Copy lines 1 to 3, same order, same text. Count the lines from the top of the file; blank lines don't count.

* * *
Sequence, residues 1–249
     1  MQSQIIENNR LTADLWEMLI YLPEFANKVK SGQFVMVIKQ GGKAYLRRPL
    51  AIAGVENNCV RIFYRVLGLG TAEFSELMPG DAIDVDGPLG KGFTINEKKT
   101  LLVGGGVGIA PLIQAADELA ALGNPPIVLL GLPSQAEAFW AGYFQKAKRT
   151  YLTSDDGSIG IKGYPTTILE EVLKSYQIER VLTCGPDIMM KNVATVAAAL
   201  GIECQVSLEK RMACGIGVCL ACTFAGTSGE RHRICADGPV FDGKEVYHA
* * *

Sequence, residues 1–249
     1  MQSQIIENNR LTADLWEMLI YLPEFANKVK SGQFVMVIKQ GGKAYLRRPL
    51  AIAGVENNCV RIFYRVLGLG TAEFSELMPG DAIDVDGPLG KGFTINEKKT